Assumption 2: Fantasy Land is the Middle Ages. It isn't. It's an alternate world, outside our history, as its map isn't on our map. It may resemble mediaeval Europe in being preindustrial—but that doesn't justify its having no economics and no social justice. Nor does it explain why nobody there ever feeds or waters their horses, which run all day and night just like a Prius. The best send-up ever of this fifth-hand Tennyson setting is Monty Python's "Holy Grail," where horses are replaced with coconuts. Whenever I find a fantasy that is set in a genuinely imagined society and culture instead of this lazy-minded, recycled hokum, I feel like setting off fireworks.


Assumption 3: Fantasy by definition concerns a Battle Between Good and Evil. This is the one where the cover copywriters shine. There are lots of fantasies about the Battle Between Good and Evil, the BBGE, sure. In them, you can tell the good guys from the evil guys by their white hats, or their white teeth, but not by what they do. They all behave exactly alike, with mindless and incessant violence, until the Problem of Evil is solved in a final orgy of savagery and a win for the good team.
Many fantasy movies and most interactive games go in for the BBGE, which partly explains the assumption about books. And it's true that in fantasy, character is often less important than role (also true of Greek tragedy and much of Shakespeare, where role and character can be the same thing). Carelessly read, such stark stuff may appear to be morally simplistic, black-and-white. Carelessly written, that's what it is. But careless reading of genuine fantasy will not only miss nuance, it will miss the whole nature and quality of the work.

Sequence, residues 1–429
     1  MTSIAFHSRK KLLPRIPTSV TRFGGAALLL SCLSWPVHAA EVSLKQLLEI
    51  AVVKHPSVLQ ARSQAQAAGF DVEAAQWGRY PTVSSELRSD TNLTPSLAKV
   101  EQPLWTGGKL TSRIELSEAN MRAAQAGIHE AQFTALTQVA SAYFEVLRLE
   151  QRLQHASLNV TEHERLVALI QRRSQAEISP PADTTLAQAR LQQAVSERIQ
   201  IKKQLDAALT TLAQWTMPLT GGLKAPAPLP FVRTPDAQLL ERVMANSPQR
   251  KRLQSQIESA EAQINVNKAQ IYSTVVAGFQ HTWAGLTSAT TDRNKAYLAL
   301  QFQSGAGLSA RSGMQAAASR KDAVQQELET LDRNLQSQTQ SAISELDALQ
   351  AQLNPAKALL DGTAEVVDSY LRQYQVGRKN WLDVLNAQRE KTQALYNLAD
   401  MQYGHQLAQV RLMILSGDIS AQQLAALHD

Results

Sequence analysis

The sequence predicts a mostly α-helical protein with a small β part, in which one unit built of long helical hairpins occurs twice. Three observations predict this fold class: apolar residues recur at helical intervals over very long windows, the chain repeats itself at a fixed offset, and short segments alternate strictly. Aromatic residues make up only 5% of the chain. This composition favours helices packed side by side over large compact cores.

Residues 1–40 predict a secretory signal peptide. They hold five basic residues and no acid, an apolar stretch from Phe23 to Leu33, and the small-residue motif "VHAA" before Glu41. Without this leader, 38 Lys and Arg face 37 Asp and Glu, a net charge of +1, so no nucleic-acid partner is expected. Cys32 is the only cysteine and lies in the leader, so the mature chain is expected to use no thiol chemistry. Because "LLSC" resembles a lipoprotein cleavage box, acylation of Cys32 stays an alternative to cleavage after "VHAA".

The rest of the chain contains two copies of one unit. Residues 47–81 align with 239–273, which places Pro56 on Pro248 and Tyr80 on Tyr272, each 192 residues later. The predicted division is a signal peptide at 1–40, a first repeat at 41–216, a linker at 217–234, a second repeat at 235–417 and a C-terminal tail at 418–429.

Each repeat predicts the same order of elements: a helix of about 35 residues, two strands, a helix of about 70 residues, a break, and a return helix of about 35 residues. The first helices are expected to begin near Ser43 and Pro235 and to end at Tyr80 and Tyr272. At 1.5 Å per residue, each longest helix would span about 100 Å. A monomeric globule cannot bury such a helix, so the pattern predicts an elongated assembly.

This is what's happened over and over to The Lord of the Rings—even in the film version, where, though Tolkien's plot is followed faithfully and the Ring is destroyed, the focus on violent action and the interminable battle scenes overshadow, and perhaps fatally reduce, the moral complexity and originality of the book, the mystery at its heart.


As for my stuff, how anybody can call it a Battle Between Good and Evil is beyond me. I don't write about battles or wars at all. It seems to me that what I write about—like most novelists—is people making mistakes and people—other people or the same people—trying to prevent or correct those mistakes, while inevitably making more mistakes.